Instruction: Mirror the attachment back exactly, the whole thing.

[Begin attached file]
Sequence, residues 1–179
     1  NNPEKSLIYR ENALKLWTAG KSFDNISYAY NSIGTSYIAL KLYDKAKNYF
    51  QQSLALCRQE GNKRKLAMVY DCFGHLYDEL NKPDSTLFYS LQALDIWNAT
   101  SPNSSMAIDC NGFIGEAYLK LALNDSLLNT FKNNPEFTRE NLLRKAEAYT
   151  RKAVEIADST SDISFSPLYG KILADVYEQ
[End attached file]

Sequence, residues 1–179
     1  NNPEKSLIYR ENALKLWTAG KSFDNISYAY NSIGTSYIAL KLYDKAKNYF
    51  QQSLALCRQE GNKRKLAMVY DCFGHLYDEL NKPDSTLFYS LQALDIWNAT
   101  SPNSSMAIDC NGFIGEAYLK LALNDSLLNT FKNNPEFTRE NLLRKAEAYT
   151  RKAVEIADST SDISFSPLYG KILADVYEQ